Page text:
51. A method as claimed in claim 50 wherein step (a) is carried out by displaying the brand or product on a video screen and the text also displayed on the video screen.

52. A method as claimed in claim 37 wherein steps (b) and (d) are carried out by determining gamma or high frequency EEG or MEG activity.

53. A method as claimed in claim 37 wherein steps (b) and (d) are carried out by detecting EEG or MEG activity in the frequency range 8 to 13 Hz.

54. A method as claimed in claim 37 wherein steps (b) and (d) are carried out by assessment of the phase of steady state visually evoked potentials (SSVEP) in EEG signals obtained from the subject or subjects or by assessment of steady state visually evoked responses (SSVER) in MEG signals obtained from the subject or subjects.

55. A method as claimed in claim 37 wherein steps (b) and (d) are carried out by assessment of EEG signals from the Fps electrode of the subject or each subject.

56. A method as claimed in claim 37 wherein steps (b) and (d) are carried out by assessment of EEG signals and including the step of applying inverse mapping techniques to determine brain activity at the right orbito-frontal cortex in the vicinity of Brodman area 11.

57. A system for determining attributes associated with a brand or product including: display means for displaying the brand or product image to a subject; brain activity determining means for determining brain activity of the subject; and assessment means coupled to receive first output signals from said brain activity determining means in a first period in which the brand or product image is displayed to the subject and to receive second output originals from said brain activity determining means in a second period in which neutral material is displayed to the subject in order to establish a reference level of brain activity, the assessment means being operable to assess differences between said first and second output signals.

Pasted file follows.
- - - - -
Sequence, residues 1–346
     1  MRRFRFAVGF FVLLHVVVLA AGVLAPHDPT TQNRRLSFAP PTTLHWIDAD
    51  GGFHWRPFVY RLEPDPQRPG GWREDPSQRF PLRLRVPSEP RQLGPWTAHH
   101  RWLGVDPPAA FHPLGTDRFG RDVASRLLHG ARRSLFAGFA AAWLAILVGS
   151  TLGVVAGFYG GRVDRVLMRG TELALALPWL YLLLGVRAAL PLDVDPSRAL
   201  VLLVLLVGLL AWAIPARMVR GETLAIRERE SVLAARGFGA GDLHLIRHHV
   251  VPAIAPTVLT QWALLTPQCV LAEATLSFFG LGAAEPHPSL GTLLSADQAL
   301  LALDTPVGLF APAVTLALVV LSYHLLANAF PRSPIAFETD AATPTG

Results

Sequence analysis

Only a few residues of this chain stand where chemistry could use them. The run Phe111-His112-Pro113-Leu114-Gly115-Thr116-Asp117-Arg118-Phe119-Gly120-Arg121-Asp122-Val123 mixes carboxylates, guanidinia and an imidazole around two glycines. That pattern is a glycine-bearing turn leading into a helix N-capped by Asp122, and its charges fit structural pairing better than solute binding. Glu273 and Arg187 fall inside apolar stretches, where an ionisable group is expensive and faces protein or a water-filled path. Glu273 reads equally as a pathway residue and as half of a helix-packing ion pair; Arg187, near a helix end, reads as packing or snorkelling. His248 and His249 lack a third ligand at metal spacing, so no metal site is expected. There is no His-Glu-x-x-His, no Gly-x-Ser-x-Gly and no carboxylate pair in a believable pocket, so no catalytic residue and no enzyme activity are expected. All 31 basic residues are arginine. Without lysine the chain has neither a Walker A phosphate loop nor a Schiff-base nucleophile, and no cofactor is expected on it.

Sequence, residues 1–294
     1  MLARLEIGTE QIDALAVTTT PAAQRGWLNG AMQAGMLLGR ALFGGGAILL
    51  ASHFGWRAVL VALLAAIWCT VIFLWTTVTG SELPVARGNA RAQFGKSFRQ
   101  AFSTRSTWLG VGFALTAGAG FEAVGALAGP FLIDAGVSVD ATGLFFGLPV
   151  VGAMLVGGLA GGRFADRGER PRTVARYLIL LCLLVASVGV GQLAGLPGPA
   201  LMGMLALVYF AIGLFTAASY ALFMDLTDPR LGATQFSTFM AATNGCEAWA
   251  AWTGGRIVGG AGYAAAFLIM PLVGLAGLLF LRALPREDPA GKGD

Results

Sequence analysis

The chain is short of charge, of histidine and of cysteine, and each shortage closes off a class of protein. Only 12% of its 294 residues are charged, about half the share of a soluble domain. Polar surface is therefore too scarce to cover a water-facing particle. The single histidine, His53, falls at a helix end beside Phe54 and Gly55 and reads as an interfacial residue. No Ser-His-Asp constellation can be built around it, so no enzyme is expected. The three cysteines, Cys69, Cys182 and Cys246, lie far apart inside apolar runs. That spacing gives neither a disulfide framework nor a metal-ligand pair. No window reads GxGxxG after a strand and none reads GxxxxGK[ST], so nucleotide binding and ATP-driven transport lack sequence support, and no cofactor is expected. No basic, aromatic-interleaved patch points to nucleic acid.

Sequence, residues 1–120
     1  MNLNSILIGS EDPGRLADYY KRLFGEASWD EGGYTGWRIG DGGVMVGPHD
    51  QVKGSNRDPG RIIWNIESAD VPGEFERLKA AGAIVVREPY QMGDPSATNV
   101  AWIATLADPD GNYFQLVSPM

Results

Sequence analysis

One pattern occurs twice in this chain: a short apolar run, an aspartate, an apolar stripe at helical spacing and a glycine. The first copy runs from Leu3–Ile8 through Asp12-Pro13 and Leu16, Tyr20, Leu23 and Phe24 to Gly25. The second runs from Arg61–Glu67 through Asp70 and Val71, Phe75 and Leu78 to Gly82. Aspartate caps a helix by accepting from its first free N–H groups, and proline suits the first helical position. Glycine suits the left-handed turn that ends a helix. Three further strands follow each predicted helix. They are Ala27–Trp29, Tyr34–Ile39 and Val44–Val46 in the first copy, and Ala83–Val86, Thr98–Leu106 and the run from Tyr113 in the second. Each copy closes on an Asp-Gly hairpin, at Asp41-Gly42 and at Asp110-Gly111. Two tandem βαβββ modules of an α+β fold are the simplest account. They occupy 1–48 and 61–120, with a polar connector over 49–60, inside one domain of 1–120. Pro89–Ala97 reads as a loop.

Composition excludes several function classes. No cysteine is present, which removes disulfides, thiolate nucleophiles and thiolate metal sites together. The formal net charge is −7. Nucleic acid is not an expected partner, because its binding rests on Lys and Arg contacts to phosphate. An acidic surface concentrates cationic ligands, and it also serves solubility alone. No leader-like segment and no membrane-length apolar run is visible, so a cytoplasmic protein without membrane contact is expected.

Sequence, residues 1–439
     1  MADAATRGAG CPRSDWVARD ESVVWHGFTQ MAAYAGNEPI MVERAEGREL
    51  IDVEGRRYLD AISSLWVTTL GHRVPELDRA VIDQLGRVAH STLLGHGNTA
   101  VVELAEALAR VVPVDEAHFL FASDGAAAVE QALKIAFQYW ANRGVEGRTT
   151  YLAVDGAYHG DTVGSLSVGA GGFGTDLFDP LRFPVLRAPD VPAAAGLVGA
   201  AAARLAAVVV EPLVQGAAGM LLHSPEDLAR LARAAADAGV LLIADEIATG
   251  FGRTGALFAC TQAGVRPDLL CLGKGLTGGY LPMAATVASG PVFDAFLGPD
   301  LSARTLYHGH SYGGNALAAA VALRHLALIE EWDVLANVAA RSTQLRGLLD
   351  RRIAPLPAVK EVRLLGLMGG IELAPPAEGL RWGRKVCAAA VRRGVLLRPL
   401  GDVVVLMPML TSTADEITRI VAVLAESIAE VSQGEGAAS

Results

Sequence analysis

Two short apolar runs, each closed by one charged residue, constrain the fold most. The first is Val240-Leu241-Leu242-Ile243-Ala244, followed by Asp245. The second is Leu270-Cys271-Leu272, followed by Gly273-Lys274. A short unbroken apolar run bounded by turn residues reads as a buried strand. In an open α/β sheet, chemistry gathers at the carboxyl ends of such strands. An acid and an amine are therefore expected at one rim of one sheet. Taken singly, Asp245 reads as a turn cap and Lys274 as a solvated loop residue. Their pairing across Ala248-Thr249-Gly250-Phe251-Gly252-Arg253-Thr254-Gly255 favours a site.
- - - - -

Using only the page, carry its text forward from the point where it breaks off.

58. A system for determining attributes associated with a brand or product including: display means for displaying the brand or product image to a subject; brain activity determining means for determining brain activity of the subject; and assessment means coupled to receive first output signals from said brain activity determining means in a first period in which the brand or product image is displayed to the subject simultaneously with a semantic probe and to receive second output originals from said brain activity determining means in a second period in which neutral material is displayed to the subject in order to establish a reference level of brain activity, the assessment means being operable to assess differences between said first and second output signals.

Description:

The qualities associated in the mind of the consumer with a brand or product are a matter of profound commercial significance. The manner in which the brand or product is perceived by the consumer has a powerful impact on the likely purchase behaviour of the consumer. The value attributed to the brand is increasingly an important component of the value of a modern corporation. The value of a brand is fundamentally determined by the attitude of the consumer to that brand. Feelings of trust and loyalty, for example will be associated with high brand value. Brand managers also seek to associate specific qualities with a brand, for example, car safety and a particular brand of car or innovation and a certain high-technology manufacturer.

At present, such associations are determined by questionnaires, focus group discussion and in-depth interviews. It is widely recognized that these techniques are deficient in that they rely on the verbal responses of the subjects. Such verbal responses are considered a poor indicator of the emotional qualities associated with the brand.

This invention discloses a method that relies on the measurement of brain activity, rather than verbal responses to determining the various psychological qualities associated with any brand or product.

A first aspect of the invention is concerned with assessment of general characteristics associated with a brand or product.

According to a first aspect of the invention there is provided a method of evaluating characteristics of a brand or product including the steps of: